Dividend stocks can give you regular cash income, usually ranging between 2% and 5% per year. That’s already better than most bank accounts, but with dividend stocks, you also get long-term upside potential through share price gains.
Some dividend payments are rather large. Many high-yield stocks offer payments of 6% or more. While this can be enticing, it’s not without risk. Many big dividend stocks end up cutting their payments down the line, which means the initial high yield ultimately becomes a teaser rate.
Not all high-yield stocks have extra risk, however. Some business models are perfect for paying reliable dividends that lead the market. One such stock is Inter Pipeline Ltd (TSX:IPL), which offers a remarkable 8.1% dividend yield.
Let’s figure out how you can profit.
Control the space
The pipeline industry is rife with consolidation. Stocks like Enbridge Inc and TC Energy collectively control roughly $200 billion in market value. Inter Pipeline, for comparison, is worth just $9 billion.
Why are pipelines so consolidated?
The first factor is cost. Pipelines cost millions of dollars per mile to build, requiring a ton of cheap financing to construct profitably. Bigger companies are thus more likely to take on mega-projects that vastly increase their market share.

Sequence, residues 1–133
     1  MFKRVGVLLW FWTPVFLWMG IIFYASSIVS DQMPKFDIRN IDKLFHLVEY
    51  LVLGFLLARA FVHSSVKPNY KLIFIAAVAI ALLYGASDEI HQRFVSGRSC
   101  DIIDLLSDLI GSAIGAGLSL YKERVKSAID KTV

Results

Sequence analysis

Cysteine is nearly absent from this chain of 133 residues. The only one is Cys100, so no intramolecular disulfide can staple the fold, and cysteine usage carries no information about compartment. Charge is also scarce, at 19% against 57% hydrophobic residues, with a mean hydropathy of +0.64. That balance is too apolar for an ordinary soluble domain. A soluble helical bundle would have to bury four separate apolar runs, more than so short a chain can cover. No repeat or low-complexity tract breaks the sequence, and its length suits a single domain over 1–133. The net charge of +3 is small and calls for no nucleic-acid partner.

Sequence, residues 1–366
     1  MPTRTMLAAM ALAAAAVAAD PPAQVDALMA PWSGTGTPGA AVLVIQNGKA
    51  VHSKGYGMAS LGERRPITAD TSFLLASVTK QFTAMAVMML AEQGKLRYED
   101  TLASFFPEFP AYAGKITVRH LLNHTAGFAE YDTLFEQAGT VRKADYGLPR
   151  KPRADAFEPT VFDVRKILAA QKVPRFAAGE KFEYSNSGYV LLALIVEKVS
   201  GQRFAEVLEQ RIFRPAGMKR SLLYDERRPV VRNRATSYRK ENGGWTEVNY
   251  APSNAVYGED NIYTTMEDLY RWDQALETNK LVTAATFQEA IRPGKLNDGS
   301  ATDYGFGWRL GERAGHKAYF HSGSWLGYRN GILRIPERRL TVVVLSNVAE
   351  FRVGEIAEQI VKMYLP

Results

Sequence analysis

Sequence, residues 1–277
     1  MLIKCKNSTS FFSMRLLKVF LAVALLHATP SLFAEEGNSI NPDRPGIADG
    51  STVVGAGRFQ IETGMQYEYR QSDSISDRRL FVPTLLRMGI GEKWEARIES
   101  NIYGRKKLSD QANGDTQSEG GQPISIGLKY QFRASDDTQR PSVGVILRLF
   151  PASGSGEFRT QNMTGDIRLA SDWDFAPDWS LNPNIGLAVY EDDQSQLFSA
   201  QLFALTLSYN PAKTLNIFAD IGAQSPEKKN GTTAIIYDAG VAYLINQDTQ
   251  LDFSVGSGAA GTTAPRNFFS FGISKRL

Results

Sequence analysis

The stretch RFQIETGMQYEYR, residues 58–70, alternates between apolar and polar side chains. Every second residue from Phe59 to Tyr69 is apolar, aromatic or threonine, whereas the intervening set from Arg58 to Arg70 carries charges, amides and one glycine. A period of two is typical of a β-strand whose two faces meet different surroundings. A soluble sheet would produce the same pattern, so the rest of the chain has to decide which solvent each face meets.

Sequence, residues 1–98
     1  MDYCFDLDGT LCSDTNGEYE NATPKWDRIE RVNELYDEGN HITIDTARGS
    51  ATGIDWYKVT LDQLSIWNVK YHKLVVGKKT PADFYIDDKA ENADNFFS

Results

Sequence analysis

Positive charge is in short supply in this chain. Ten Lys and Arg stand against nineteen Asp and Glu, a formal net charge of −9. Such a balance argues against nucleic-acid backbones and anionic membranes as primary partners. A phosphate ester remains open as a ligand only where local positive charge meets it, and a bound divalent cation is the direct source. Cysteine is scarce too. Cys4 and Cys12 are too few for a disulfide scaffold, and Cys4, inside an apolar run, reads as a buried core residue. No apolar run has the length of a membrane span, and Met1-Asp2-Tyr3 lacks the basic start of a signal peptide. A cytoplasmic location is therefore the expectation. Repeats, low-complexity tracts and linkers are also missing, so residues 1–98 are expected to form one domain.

The second factor is scale. A pipeline that transports crude oil 15 miles isn’t much use. The network needs to be large enough to service multiple refineries and export terminals. The bigger the network, the more demand you’ll have, which naturally coalesces customers to a handful of operators.
Inter Pipeline recognized these barriers to entry and instead focused on a niche segment of the industry: oil sands and complementary services.
Around 15% of the company’s cash flow still comes from conventional pipelines, but another 55% stems from oil sands transportation infrastructure. These pipelines have different characteristics given the output has drastically different qualities. In a way, Inter Pipeline has cornered the market, competing mainly with integrated producers like Suncor Energy Inc.
Oil sands production often needs extra processing to reach the market due to its lower quality. Inter Pipeline has capitalized on these needs by building out massive processing facilities, including its Heartland Complex, which could add $500 million in incremental EBITDA once it’s brought online.
By focusing on oil sands projects, Inter Pipeline has been able to expand faster than expected, recently completing 11 bolt-on connections at an average cost of just 3.2 times incremental EBITDA. Management has outlined $3.7 billion in capital opportunities, $2.3 billion of which stems from its oil sands operation.
While the dividend yield appears high, the Heartland Complex should solidify its sustainability by the end of the year. Additionally, Canada is expected to increase its fossil fuel production for at least another decade, which should be music to shareholder’s ears.
Over the last decade, Inter Pipeline has raised its dividend by an average of 7.3% annually without ever cutting the payout. The dividend growth rate should slow — indeed, the annual growth rate over the last five years was only 5.3% — but underlying cash flow should have no issue supporting the current payment. When the yield is at a juicy 8.1%, slower growth isn’t a huge deal.
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The Motley Fool owns shares of and recommends Enbridge.
Fool contributor Ryan Vanzo has no position in any stocks mentioned.